A Conversation with Steven Noss | Local Vocal | Pittsburgh | Pittsburgh City Paper

A Conversation with Steven Noss

Steven Noss presents the art of hair-weaving through song and dance on television programs such as The Ricki Lake Show, and the Detroit-based Hair Wars; in fact, he's this year's recipient of Ricki's Golden Weave Award. The 37-year-old Latrobe native...


What exactly is a hair weave?
A hair weave is just hair you add on to you own hair by bonding it or braiding it. It's real human hair, that's been processed and colored in China.


What's a hair entertainer?

A hair entertainer is a person who takes the stage and turns hair into entertainment by showcasing it and entertaining at the same time. Instead of kind of walking out and saying, "Here's a hairdo," and that's it, you put music to it, or a dance routine, maybe a skit, play-acting, stuff like that.


What kind of music do you use?

I always use booty music, fast stuff, booty-shaking music, Miami, Florida-style.


And the dance?

Same thing. Booty-dancing, fast stuff. You gotta drop that thang a little bit, you know. What do they say? Drop it like it's hot.


How did you become a hair entertainer?

Some former residents of Detroit moved into my neighborhood, and they'd go back for visits and come back with the crazy hairdos. I was always curious. So one time they took me back with them to my first Hair Wars taping and I was like, "Wow! This is, like, so cool." It was just, like, "Ta-da!"


What did you do to win an award on The Ricki Lake Show?

I made the first-ever flying hairdo, called the "Hairy Copter." It's part braid, part weave with a motorized helicopter buried underneath the hair on top of the model's head. She was wearing a short skirt -- because I wanted to give a little bit of sex appeal. And I covered her bra with woven braids, that were cut out underneath, so that her stomach showed. The whole thing had a military theme so it looked like she had been fighting, and part of the costume was ripped. The whole thing was kind of wild. Anyway, I had the model come out, then I turned on the remote: The hairdo lifted up and I caught it. And there wasn't one person sitting in the audience; everyone was standing and screaming. In fact, when Ricki came out, she looked right at me and said, "That was totally awesome."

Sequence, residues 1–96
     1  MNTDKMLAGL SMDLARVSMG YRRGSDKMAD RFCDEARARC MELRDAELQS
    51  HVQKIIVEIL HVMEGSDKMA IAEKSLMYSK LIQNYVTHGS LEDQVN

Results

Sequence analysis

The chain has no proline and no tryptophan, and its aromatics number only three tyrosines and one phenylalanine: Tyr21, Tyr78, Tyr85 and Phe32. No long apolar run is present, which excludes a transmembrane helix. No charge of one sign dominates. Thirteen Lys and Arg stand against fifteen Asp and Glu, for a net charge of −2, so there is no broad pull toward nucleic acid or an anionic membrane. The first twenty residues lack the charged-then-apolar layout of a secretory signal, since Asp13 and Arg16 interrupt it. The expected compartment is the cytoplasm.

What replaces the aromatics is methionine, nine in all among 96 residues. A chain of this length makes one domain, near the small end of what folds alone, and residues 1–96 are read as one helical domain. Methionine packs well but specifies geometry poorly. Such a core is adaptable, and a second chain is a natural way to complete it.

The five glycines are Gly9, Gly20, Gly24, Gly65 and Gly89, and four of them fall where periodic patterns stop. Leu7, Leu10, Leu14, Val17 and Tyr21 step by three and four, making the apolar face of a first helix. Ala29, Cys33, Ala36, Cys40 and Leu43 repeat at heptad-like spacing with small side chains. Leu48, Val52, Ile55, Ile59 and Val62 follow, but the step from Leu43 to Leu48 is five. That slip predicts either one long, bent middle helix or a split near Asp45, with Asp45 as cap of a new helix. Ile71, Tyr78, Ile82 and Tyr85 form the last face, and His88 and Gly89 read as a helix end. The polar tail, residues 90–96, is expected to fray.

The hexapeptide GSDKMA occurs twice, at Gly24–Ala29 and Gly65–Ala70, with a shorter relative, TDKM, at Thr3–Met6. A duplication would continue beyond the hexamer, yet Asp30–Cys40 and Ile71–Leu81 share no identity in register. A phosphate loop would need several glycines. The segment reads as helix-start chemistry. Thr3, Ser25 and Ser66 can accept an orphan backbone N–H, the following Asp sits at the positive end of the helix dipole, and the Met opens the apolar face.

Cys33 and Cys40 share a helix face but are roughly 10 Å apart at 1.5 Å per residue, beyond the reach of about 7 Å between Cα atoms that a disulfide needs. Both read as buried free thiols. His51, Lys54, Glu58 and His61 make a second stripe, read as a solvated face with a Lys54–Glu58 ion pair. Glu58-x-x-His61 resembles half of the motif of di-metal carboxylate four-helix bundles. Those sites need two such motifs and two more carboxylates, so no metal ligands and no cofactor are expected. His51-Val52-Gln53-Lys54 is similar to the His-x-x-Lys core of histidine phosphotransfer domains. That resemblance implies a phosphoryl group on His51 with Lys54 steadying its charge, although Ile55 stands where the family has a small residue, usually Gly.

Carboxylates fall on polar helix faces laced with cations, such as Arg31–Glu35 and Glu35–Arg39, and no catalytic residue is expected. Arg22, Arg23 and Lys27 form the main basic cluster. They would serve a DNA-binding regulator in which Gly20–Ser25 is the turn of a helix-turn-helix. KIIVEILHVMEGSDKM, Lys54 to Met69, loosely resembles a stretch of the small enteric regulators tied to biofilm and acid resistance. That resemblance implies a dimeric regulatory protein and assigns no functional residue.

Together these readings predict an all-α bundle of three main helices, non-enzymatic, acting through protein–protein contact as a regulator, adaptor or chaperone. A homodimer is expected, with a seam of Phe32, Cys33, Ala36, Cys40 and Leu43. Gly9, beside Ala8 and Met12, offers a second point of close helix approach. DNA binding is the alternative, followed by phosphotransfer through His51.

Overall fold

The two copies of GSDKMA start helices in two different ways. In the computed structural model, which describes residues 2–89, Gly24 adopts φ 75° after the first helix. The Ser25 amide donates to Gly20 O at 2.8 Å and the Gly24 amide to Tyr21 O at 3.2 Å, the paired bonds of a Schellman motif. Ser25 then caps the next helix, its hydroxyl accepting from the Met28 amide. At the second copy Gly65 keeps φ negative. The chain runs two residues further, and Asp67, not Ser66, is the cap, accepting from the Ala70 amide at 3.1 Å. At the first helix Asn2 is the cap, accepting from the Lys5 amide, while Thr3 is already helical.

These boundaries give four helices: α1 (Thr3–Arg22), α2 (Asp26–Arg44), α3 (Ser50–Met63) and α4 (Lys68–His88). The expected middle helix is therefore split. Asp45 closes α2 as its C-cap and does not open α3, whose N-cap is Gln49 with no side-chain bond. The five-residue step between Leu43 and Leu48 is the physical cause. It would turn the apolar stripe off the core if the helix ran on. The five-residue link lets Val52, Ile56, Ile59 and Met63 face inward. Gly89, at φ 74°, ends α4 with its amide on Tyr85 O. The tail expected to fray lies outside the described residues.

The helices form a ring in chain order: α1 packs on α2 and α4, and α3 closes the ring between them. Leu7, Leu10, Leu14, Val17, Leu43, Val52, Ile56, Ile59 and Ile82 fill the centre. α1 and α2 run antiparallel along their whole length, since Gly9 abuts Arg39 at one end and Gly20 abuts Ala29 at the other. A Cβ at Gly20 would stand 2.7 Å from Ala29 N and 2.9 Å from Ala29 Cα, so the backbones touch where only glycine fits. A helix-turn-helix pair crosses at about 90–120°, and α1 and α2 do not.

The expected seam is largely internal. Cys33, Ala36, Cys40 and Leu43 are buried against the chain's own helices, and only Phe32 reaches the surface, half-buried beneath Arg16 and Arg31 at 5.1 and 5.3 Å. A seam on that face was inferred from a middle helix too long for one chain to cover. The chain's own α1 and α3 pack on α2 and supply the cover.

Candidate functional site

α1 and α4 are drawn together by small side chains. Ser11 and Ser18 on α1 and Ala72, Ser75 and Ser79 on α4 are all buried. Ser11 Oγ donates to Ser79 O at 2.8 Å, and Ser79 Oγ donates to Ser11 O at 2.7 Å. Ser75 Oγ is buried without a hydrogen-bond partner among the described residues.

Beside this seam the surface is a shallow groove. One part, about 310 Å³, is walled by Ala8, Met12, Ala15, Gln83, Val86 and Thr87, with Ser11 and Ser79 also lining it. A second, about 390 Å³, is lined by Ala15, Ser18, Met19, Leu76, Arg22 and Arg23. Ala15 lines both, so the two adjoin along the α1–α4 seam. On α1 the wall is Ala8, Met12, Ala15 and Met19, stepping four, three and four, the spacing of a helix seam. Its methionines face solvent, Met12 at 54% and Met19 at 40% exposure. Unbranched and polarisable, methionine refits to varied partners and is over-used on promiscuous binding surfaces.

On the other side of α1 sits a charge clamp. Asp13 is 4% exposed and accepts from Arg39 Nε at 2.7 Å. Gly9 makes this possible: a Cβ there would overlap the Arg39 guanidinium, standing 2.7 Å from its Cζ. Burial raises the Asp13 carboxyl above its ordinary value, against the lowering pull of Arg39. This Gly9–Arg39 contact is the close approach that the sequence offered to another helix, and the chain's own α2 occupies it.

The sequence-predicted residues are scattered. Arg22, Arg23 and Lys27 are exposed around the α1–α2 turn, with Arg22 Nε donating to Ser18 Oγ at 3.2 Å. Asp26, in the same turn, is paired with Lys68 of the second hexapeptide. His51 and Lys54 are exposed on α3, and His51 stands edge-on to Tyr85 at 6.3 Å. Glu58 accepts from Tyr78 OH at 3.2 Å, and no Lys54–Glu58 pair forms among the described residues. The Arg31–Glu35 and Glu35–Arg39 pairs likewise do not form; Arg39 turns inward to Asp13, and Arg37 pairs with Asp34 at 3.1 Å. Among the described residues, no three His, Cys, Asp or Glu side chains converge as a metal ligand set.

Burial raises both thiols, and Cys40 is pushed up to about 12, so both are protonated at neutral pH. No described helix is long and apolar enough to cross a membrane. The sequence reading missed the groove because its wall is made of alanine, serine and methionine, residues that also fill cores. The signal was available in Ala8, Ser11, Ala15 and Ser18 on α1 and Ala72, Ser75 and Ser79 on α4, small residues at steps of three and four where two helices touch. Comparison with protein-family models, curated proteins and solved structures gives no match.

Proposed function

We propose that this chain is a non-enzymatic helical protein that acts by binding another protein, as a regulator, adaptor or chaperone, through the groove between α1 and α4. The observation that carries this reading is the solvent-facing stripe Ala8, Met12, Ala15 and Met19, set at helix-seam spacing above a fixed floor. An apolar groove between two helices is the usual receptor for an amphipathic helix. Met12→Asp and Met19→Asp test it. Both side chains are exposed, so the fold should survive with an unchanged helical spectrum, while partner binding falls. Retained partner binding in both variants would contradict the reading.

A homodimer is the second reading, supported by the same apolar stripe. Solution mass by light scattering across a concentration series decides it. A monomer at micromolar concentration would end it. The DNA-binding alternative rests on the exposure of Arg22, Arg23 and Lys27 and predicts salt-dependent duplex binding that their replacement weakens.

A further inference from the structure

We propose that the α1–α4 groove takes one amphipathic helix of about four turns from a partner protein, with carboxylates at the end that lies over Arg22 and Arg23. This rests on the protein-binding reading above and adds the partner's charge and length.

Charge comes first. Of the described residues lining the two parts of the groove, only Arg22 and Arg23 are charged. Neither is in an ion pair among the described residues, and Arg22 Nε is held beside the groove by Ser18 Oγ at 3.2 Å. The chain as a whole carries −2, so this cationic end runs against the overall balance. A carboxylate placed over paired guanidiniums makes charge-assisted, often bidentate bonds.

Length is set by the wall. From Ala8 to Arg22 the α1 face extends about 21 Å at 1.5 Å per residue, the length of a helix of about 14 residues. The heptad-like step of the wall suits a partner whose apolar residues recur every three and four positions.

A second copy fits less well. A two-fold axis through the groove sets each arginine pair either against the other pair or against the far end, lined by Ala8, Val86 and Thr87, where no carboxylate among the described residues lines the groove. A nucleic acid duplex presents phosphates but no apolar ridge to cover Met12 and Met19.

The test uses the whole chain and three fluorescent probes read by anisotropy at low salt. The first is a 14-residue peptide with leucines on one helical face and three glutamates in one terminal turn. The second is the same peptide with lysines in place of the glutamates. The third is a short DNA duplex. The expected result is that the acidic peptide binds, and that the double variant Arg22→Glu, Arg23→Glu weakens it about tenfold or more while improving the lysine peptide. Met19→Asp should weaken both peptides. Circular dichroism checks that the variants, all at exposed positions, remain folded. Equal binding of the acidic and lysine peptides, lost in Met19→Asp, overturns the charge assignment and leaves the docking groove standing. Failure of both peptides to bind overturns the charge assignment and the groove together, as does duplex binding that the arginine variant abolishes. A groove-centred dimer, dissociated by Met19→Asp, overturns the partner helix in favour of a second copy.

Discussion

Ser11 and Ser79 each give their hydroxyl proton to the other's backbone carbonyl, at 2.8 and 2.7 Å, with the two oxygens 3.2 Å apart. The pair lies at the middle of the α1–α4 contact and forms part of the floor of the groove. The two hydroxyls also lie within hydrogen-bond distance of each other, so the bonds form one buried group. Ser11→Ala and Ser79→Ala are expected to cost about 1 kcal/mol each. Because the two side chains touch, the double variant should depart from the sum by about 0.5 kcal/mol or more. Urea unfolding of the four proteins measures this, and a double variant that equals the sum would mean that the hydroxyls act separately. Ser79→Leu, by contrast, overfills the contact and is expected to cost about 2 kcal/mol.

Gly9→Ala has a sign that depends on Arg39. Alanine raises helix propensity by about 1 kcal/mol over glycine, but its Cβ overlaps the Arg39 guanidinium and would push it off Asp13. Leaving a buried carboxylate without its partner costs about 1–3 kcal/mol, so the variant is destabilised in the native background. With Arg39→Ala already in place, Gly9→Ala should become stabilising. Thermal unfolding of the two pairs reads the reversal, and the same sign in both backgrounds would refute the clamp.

How many times have you appeared on Ricki Lake?

Four times. I did "Ricki's Hair Weave Wars" twice and didn't win. Then I did "Girl, Stop Hatin'! Walk a Day in My Weave," which was all about weave makeovers for conservative girls. The last one was "Ricki's Weave Wars Reloaded." That when I won.


You also made a hair weave that served as a tribute to 9/11.

That was on "Hair Wars." I made a set of American flags out of weave hair. Exactly eight pieces of hair with a U.S.A. theme, with [the model] dressed in an Air Force uniform. I talked about the tragedy of 9/11, then played Whitney Houston singing "The Star Spangled Banner," while I pinned pieces of the flag onto this extravagant huge hairdo that encompassed her whole face on both sides. It had hair that looked like flames shooting out the back and everything.


How long have you been a hairdresser?

I started doing hair in the late '80s. A long time ago, I modeled in a hair show for some guys, and I was so amazed by what they were doing with hair so I said, "I think I'm going to take a shot at this." I went to beauty school, and one thing lead to another. Most of my clients these days are black women who are professionals, so they come in for pretty conservative hairdos.


What's your next step?

The entertainment industry, all the way, like in Los Angeles or something. Entertainment mixed with hair. That's my dream, baby.

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